The most common form of color-blindness involves the inability to distinguish reds from greens. A less common condition involves the inability to distinguish green from yellow.
Color blindness is caused by a lack of pigment in the retina of the eye. Normally, the retina contains molecules capable of detecting every color in the spectrum. However, if some of these molecules are not present, the various colors in the spectrum can not be distinguished from each other, and the person is color-blind.
Color blindness is a sex-linked characteristic. The gene involved in the disorder occurs only on the X chromosome, which is passed to the child by the mother. The Y chromosome, which is passed to the child by the father, does not carry the defective gene. As a result, children inherit color blindness only from their mothers.
Sex-linked genetic disorders (XLGDs) can be either dominant or recessive. Dominant XLGDs affect females, are usually fatal, and cause severe disorders in males who survive. A high percentage of male embryos with dominant XLGD spontaneously abort early in a pregnancy. Dominant XLGD's include conditions such as Albright's hereditary osteodystrophy (seizures, mental retardation, stunted growth), Goltz's syndrome (mental retardation), cylindromatosis (deafness and upper body tumors), oral-facial-digital syndrome (no teeth, cleft tongue, some mental retardation), and incontinentia pigmenti (abnormal swirled skin pigmentation).
Recessive XLGDs are passed to sons through their mothers. Major XLGDs include severe combined immune deficiency syndrome (SCID), color blindness, hemophilia, Duchenne's muscular dystrophy (DMD), some spinal ataxias, and Lesch-Nyhan syndrome. Roughly one-third of these XLGDs result from a spontaneous mutation. Of these disorders, color blindness is the least harmful.
Hemophilia is an example of a serious XLGD. This disorder is caused by the absence of a protein responsible for the clotting of blood. Lacking this protein, a person with hemophilia may easily bleed to death from simple cuts and injuries that would be of little danger to the average person. Hemophilia A is the most severe form of this disease, and is characterized by extreme bleeding. It affects males primarily, although it has been known to occur in females. The disorder has often been associated with royalty. England's Queen Victoria was a carrier whose descendants became rulers in several European countries.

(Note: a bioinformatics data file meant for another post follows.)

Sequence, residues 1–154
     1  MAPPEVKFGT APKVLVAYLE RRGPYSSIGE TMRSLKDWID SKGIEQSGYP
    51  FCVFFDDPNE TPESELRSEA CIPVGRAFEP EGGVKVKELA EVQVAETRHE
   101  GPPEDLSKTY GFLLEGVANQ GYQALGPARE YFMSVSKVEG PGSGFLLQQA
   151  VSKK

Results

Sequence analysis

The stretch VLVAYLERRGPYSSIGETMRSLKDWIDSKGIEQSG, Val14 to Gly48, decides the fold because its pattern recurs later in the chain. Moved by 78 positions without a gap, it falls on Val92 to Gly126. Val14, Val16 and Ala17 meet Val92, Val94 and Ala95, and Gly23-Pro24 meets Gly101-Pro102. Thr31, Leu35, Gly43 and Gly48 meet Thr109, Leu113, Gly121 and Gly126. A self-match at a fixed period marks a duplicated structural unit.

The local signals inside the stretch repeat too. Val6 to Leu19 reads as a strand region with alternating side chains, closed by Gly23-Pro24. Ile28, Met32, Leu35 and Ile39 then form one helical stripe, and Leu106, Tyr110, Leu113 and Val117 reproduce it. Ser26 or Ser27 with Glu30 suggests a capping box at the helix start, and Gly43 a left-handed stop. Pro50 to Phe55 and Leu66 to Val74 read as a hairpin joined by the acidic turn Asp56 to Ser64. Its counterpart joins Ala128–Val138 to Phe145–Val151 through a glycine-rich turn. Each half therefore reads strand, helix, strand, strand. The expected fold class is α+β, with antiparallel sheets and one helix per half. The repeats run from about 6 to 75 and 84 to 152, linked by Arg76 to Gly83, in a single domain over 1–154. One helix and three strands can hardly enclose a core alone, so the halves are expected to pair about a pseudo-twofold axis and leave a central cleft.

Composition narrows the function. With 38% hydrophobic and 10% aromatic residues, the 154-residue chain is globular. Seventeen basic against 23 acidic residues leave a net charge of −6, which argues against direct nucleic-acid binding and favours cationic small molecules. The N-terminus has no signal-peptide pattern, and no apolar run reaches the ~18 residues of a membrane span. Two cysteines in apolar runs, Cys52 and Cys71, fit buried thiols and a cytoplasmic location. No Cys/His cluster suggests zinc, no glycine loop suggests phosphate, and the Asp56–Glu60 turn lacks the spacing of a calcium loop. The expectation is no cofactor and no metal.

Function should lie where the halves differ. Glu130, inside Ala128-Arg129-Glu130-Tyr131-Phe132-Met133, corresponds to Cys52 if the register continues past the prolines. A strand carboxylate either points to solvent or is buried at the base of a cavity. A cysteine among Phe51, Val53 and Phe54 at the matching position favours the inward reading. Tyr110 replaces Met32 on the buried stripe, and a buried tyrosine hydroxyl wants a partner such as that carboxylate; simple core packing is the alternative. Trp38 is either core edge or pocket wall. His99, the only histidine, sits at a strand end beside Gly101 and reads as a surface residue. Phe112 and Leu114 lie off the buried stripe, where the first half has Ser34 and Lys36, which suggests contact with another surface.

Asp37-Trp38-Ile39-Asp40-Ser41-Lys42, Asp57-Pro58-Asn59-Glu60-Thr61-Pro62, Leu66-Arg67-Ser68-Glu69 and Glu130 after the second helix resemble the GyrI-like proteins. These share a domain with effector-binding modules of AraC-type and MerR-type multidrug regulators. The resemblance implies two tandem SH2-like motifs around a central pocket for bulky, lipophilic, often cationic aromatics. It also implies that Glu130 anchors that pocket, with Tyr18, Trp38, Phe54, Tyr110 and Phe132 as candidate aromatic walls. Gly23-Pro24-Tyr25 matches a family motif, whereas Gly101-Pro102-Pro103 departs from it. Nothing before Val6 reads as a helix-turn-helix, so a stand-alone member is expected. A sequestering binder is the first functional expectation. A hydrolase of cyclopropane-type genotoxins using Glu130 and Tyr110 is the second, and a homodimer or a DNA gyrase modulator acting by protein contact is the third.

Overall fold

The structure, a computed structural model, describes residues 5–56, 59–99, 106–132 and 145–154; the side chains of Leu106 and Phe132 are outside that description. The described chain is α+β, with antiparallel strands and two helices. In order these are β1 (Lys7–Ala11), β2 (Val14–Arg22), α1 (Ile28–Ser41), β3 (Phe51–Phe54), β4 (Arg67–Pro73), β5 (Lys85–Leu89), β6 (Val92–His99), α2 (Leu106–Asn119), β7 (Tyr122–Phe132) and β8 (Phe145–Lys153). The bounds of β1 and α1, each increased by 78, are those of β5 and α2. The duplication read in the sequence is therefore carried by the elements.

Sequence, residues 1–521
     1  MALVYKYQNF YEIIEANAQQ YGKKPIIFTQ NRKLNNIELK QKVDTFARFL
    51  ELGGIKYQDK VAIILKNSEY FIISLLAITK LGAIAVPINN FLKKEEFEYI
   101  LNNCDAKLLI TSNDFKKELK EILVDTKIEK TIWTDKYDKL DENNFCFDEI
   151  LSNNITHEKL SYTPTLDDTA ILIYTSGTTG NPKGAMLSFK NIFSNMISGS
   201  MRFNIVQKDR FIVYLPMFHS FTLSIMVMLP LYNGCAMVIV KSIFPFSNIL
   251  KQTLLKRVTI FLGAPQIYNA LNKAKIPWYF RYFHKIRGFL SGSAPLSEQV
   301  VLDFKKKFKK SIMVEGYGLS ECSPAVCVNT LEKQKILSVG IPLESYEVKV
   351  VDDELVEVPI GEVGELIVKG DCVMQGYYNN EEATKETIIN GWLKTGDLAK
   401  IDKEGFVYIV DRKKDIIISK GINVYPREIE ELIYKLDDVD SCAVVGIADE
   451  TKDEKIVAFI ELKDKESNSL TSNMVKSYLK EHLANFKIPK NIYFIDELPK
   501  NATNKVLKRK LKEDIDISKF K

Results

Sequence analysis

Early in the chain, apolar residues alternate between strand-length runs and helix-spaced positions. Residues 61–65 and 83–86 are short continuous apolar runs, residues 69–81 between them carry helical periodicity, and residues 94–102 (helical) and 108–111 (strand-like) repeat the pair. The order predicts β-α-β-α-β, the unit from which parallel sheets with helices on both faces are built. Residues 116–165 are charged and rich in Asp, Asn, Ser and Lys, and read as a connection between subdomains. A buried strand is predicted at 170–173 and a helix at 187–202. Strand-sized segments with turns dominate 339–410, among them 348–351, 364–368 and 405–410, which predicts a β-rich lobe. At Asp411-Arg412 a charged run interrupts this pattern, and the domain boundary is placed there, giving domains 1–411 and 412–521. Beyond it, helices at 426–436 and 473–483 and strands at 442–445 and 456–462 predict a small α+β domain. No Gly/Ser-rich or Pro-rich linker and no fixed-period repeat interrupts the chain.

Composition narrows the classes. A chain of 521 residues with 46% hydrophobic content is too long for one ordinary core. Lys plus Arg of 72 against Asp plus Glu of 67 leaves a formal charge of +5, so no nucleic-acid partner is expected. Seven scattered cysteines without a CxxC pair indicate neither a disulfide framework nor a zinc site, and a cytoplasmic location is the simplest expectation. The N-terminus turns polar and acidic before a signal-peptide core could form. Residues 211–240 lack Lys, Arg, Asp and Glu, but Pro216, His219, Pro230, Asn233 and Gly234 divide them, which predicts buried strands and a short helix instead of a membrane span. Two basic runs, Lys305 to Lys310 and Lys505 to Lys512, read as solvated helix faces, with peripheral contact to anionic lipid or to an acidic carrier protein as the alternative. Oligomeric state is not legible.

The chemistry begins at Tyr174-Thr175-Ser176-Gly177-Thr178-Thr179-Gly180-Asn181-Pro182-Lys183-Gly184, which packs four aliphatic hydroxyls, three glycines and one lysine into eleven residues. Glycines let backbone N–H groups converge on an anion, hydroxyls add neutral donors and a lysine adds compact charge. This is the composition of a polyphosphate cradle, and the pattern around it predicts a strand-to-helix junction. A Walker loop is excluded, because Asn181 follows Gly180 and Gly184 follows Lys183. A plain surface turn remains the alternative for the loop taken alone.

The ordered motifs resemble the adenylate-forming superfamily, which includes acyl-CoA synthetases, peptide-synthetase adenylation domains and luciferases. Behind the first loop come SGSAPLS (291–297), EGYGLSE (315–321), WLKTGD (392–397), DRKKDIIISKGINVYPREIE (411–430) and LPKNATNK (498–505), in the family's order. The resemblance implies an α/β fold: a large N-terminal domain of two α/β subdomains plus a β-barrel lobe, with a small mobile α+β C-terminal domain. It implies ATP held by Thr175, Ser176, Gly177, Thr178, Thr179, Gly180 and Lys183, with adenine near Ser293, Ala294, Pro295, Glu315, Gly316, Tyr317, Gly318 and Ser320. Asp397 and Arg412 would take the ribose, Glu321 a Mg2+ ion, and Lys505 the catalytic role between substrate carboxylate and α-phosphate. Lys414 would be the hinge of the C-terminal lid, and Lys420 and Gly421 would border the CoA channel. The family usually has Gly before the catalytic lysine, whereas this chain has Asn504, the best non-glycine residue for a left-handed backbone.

Other usually fatal XLGDs affect the immune, muscular, and nervous systems. SCID, for example, is a disorder affecting the immune system. It is characterized by a very poor ability to combat infection. One way to treat patients with SCID is to completely enclose them in a large plastic bubble that protects them from germs present in the air. The only known cure for SCID involves a bone marrow transplant from a close relative.
DMD afflicts young boys and is apparent by age three or four. It is characterized by wasting leg and pelvic muscles. Patients with DMD are usually wheelchair-bound by the age of 12, and die before the age of 20, often as the result of heart problems.
Scientists often find it difficult to determine the relative role of heredity and environment in certain medical disorders. One way to answer this question is with statistical and twin studies. Identical and fraternal twins who have been raised in different and identical homes are evaluated for these MFGDs. If fraternal twins have a higher than normal incidence of a disorder and identical twins show an even higher rate of the disorder, then genetic inheritance is believed to contribute to development of the disorder.
Among the most likely candidates for multifactorial genetic disorders are certain medical conditions associated with diet and metabolism, such as obesity, diabetes, alcoholism, rickets, and high blood pressure; some infectious diseases, such as measles, scarlet fever, and tuberculosis; schizophrenia and some other psychological illnesses; club foot and cleft lip; and various forms of cancer.
The tendency of some people to be more susceptible to a particular MFGD and not another is characteristic of human genetics. All healthy humans have a similar body form with very similar physiological functions. Still, it is easy to see tremendous human diversity that results from a diverse gene pool. This diversity explains why certain groups of people with similar kinds of genes are more prone to some disorders, whereas others have resistance to the same disorders. This diversity protects the human race from being wiped out by a single kind of medical problem.